October 5th 2002

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Articles from this issue:

COVER STORY: Hurdles to the sell-off of Telstra

Queensland sugar protests grow

Turnbull contradicts Costello's new agenda

GERMANY: Floods, Iraq help Schroeder scrape back

STRAWS IN THE WIND: Goodbye to all that? Surely!

ECONOMICS: Globalisation: where is it going?

MEDIA: September 11: media's 'greed for tears' writ large

LETTERS: Vietnam commitment right (letter)

LETTERS: On our own terms (letter)

LETTERS: Democrats' suicide (letter)

LETTERS: Singapore (letter)

HISTORY: When we dead awaken

OBITUARY: Heroic Vietnamese cardinal Van Thuan dies in Rome

BOOKS:Demon of the Waters, by Gregory Gibson

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September 11: media's 'greed for tears' writ large

by Michael Scammell

News Weekly, October 5, 2002
So which September 11 moment sticks in your head? When the plane slices into the first World Trade Centre Tower? Or the strike on the second tower? Or when the whole thing falls over like a pack of cards and that cloud of smoke starts to float through the streets of New York?

No matter what your most compelling memory of September 11, you have no doubt seen it ad nauseum last month.

For the television networks, September 11 was nothing if not a battle for exclusives. Channel 7 was first, claiming it had the all-important exclusive of the week - the French-made documentary 9/11 with footage never before seen.


Not be left out, Channel 10 conjured up their own - a Sandra Sully hosted exclusive documentary focusing on the New York fire fighters which they ran a week before the September 11 anniversary, no doubt to scoop the programming on the other networks.

And Channel 9, sticking to their usual adage that "more is better" (even without Eddie McGuire) ran an all-night special on the day of the 11th itself.

Given the popularity of television "football marathons" at this time of year, perhaps this new fashion in Grief Marathons is the way to go in the battle for ratings.

And if you can't beat your rival networks to the exclusive footage, you can at least reinvent the tragedy as a backdrop to showcase your news and current affairs stars.

Thus Sandra, Naomi, Kerry and Mike made their way across the Pacific to the empty paddock of Ground Zero and set up shop with the rest of the world's media in an attempt to have some of the gravitas of the occasion rub off on them.

Influential American journal New Republic has described this linking of high profile media commentators to major international events as creating "tourists in history".

All those journalists on location on September 11 interviewing each other and asking that all-important and perennial journalist-to-journalist question: "Where were you when the first plane hit?" - it's kind of scary to contemplate.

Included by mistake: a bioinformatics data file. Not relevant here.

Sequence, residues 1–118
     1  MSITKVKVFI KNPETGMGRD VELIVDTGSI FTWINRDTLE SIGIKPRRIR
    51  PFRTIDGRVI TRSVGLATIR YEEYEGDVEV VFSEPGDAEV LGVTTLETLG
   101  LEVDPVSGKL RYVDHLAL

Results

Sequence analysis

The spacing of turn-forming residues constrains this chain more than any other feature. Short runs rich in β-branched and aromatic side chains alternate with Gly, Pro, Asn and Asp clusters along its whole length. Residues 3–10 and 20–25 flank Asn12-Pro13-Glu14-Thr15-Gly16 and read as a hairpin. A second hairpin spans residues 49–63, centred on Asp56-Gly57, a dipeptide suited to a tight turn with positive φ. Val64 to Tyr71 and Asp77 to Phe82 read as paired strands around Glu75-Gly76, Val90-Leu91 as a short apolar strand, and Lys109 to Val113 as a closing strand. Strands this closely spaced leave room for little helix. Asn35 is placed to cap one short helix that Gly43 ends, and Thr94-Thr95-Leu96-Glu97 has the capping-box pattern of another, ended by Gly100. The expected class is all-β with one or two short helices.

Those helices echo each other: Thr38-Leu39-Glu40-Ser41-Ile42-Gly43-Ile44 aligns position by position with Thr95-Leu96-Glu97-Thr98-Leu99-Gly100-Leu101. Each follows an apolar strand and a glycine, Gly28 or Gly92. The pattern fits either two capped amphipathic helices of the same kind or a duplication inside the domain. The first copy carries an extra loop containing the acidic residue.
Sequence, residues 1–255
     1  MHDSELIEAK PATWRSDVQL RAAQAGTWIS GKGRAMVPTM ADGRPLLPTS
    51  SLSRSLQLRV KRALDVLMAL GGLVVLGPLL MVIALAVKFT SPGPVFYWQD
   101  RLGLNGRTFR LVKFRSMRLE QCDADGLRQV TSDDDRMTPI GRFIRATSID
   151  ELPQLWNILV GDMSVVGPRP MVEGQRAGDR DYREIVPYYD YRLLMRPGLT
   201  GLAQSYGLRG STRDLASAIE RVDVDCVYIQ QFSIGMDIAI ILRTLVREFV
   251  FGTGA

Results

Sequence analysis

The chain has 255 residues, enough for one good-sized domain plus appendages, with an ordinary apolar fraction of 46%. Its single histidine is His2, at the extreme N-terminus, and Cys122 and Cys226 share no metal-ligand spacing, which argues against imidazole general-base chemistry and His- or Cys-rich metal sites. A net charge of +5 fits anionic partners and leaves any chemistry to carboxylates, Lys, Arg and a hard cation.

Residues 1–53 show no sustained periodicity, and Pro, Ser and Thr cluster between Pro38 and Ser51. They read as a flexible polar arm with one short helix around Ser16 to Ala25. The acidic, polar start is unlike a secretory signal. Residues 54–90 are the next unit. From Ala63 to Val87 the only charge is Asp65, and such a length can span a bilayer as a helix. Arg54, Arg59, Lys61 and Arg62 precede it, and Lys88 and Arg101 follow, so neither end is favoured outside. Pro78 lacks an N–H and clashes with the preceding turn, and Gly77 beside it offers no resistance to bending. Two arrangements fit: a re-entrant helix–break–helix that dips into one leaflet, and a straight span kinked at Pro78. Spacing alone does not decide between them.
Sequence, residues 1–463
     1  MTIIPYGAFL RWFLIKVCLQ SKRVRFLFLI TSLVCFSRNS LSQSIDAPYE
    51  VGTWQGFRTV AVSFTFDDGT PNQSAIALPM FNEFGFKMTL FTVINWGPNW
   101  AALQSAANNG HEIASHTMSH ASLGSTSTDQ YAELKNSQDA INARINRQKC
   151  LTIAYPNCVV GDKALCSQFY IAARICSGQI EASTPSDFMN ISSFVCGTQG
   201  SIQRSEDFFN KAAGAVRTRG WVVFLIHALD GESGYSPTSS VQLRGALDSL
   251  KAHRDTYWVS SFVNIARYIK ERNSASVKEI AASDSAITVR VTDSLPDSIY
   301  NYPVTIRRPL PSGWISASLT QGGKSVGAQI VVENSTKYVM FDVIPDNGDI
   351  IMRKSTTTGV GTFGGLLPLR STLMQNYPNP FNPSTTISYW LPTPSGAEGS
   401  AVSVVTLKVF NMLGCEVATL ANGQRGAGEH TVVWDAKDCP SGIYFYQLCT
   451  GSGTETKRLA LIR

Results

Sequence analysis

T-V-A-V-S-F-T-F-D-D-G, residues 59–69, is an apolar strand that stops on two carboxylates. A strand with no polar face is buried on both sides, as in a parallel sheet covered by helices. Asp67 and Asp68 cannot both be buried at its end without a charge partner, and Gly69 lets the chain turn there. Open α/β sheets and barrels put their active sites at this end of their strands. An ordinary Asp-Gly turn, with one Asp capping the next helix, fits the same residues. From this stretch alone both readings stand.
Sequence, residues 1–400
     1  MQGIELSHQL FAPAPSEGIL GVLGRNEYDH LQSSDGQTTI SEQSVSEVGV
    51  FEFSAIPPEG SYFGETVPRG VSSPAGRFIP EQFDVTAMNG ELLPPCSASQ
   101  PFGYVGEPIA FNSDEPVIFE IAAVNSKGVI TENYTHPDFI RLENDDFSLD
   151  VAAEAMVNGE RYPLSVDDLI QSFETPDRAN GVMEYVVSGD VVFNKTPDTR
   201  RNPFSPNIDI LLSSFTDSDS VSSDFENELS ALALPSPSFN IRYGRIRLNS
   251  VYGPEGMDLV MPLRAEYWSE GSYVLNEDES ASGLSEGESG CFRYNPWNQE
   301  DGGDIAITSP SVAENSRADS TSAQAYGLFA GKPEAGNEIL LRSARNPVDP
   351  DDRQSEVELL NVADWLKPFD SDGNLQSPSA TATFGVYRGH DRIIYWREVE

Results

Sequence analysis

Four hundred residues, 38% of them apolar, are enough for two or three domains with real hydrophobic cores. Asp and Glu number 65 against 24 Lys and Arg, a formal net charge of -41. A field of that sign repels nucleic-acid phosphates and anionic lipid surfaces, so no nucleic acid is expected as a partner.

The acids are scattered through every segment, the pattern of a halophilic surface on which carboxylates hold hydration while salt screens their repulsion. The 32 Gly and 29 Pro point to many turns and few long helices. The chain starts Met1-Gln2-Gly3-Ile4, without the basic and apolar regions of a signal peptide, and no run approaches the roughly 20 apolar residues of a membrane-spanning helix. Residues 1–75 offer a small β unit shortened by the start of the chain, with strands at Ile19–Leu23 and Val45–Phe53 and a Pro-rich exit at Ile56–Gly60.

None of the above is meant to treat glibly the events of September 11; rather it is an attempt to get inside the heads of those in the media who generated this glut of coverage.


The truth is we live in an age that likes to think it looks to the future but in fact - courtesy of an electronic media with an insatiable need for copy - returns constantly to the past and repackages and replays it over and over again.

A tragedy on the massive proportions of September 11 feeds to what has been described (again, the New Republic) as the media's "greed for tears".

Nothing was more real for the media than what happened "live-to-air" that day in New York City - the smoke from the first crash was witnessed and described first-hand by a New York breakfast television program - but of course once that moment's passed, television has to fill the next moment... and the next. So it goes on.


No doubt the media can keep the momentum of September 11 going for a while yet - and then of course there are the 10th and 20th anniversary specials to come.

Keen media followers will recognise the process - haven't we seen it all before with the death of Princess Diana, and the whole media industry created around the tragic Mills and Boon story that was her life?

But perhaps none of this should surprise us. Bin Laden and the terrorists that piloted the planes on September 11 knew a thing or two about the media.

They carefully chose the attack sites and the time of day to create an event that television would find impossible to avert its eyes from.

Given the enormous media coverage planned over the next week, one would have to say that at least on that score the terrorists succeeded in their plans.

Of course quieter commemorations to the victims of September 11 without the media hoopla did occur - church services were held around Australia.

They were moving events. And if you were unable to attend, no doubt you caught the footage later - tears and all - on the television news that night.

  • Michael Scammell is a former Media Officer for the US Consulate in Melbourne. - michaelscammell@hotmail.com

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